Source: PIB

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GS-III : Economic Issues Education
YUKTI 2.0

YUKTI 2.0

About YUKTI 1.0

  • Union Minister for HRD Shri Ramesh Pokhriyal “Nishank” has launched a web-portal YUKTI (Young India Combating COVID with Knowledge, Technology and Innovation) .
  • It’s a unique portal and dashboard to monitor and record the efforts and initiatives of MHRD.
  • The portal intends to cover the different dimensions of COVID-19 challenges in a very holistic and comprehensive way.
  • In the wake of COVID-19 threat, our primary aim is to keep our academic community healthy, both physically & mentally and to enable a continuous high-quality learning environment for learners.
  • The portal is an effort of HRD Ministry to achieve this goal in these difficult times.
  • It will cover the various initiatives and efforts of the institutions in academics, research especially related to CoVID, social initiatives by institutions and the measures taken for the betterment of the total wellbeing of the students.
  • The portal will cover both qualitative and quantitative parameters for effective delivery of services to the academic community at large.
  • The portal will also allow various institutions to share their strategies for various challenges which are there because of the unprecedented situation of COVID-19 and other future initiatives.
  • The portal will also establish a two-way communication channel between the Ministry of HRD and the institutions so that the Ministry can provide the necessary support system to the institutions.
  • He said that we are confident that this portal will help in critical issues related to student promotion policies, placements related challenges and physical and mental well-being of students in these challenging times.

About YUKTI 2.0

  • YUKTI 2.0 is logical extension of earlier version of ‘YUKTI’, an initiative of MHRD, to identify ideas relevant in COVID pandemic.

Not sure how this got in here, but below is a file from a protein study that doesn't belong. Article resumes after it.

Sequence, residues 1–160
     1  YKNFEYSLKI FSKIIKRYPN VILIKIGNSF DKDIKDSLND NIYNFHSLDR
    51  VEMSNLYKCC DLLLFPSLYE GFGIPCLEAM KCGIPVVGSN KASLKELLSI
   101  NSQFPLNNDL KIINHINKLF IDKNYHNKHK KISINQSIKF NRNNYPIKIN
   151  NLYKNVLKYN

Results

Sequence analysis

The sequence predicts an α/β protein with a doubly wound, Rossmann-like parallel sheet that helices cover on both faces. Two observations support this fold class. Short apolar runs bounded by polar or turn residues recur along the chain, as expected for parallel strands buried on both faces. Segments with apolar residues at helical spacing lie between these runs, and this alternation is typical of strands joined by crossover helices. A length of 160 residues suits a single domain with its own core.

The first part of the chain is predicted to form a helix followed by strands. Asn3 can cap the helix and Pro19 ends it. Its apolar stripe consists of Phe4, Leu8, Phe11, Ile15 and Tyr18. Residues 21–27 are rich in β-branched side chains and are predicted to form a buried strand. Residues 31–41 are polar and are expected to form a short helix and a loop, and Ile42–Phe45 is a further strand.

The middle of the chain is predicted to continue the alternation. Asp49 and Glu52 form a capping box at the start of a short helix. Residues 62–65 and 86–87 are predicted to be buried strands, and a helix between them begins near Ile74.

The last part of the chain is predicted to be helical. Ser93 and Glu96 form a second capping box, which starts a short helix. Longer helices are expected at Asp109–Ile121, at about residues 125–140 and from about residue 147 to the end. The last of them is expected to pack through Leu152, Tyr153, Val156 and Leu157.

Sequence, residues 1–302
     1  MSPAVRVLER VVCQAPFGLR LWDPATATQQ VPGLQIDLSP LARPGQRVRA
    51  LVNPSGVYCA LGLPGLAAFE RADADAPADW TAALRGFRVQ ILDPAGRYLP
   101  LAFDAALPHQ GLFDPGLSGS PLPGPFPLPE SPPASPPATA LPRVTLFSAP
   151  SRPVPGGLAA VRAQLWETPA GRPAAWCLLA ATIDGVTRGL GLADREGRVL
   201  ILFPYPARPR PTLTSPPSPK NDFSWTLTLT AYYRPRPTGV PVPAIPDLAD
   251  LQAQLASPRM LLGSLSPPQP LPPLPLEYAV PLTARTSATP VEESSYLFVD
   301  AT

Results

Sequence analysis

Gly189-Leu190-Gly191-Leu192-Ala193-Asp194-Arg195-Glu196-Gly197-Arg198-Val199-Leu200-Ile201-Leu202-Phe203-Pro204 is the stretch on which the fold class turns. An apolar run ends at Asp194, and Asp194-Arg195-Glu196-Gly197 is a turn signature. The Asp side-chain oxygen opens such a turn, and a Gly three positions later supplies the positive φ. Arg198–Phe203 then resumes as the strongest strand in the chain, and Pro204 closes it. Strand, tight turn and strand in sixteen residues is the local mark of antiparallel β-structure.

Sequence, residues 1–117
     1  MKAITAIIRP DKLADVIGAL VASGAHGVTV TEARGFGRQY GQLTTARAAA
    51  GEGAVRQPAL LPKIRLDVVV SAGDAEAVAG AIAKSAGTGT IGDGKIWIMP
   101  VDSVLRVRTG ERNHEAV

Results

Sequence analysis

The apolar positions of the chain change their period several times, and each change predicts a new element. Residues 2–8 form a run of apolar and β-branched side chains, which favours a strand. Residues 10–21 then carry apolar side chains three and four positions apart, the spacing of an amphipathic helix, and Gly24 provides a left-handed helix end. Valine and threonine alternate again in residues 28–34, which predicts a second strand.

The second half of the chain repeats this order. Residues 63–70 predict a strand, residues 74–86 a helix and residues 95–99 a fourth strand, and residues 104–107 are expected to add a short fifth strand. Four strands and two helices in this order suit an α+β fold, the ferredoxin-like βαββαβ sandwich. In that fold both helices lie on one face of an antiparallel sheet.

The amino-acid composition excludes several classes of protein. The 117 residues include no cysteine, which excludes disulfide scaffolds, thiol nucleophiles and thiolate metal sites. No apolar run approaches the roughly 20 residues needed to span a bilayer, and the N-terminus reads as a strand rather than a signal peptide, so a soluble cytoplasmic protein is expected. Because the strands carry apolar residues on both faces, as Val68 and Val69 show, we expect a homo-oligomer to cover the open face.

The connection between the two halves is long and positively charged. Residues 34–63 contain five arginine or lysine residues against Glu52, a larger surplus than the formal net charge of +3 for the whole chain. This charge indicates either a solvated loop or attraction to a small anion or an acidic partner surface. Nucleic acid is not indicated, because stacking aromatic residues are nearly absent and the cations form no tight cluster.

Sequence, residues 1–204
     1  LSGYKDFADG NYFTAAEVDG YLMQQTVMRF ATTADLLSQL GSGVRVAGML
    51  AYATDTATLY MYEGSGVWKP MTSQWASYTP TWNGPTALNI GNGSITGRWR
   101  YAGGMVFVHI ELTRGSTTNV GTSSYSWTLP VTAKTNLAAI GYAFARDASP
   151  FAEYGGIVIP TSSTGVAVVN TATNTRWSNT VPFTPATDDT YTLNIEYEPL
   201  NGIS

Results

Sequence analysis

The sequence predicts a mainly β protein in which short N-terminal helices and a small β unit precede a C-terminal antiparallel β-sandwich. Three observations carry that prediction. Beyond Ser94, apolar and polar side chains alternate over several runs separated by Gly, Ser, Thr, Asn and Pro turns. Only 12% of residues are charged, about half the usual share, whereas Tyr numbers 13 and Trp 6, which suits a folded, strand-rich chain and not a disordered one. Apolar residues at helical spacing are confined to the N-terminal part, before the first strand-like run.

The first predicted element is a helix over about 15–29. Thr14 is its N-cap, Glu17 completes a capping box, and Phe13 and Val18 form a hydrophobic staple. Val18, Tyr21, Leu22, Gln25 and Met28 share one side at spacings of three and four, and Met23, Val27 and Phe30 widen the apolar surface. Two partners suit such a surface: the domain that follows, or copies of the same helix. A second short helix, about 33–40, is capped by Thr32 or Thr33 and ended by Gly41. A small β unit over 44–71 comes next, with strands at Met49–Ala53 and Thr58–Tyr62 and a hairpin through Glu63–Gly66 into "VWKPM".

• The minister appreciated the initiative and said that our Prime Minister has given us the mission of making Bharat ‘Atmanirbhar’ and, YUKTI 2.0 initiative is a very important step in that direction.
  • This initiative helps the youth to convert their ideas into enterprises.
  • More importantly, initiative like YUKTI 2.0 will also help in fostering the culture of innovation and entrepreneurship in our academic institutions.

Source: PIB

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GS-II :
International Comparison Program,2017

Purchasing Power Parities and the size of Indian Economy: Results from the 2017 International Comparison Program

  • The World Bank has released new Purchasing Power Parities (PPPs) for reference year 2017, under International Comparison Program (ICP), that adjust for differences in the cost of living across economies of the World.
  • Globally 176 economies participated in 2017 cycle of ICP.

International Comparison Program (ICP)

  • The International Comparison Program (ICP) is the largest worldwide data-collection initiative, under the guidance of UN Statistical Commission (UNSC), with the goal of producing Purchasing Power Parities (PPPs) which are vital for converting measures of economic activities to be comparable across economies.
  • Along with the PPPs, the ICP also produces Price Level Indices (PLI) and other regionally comparable aggregates of GDP expenditure.
  • ICP provides the data of : PPP, PLI and GDP expenditures.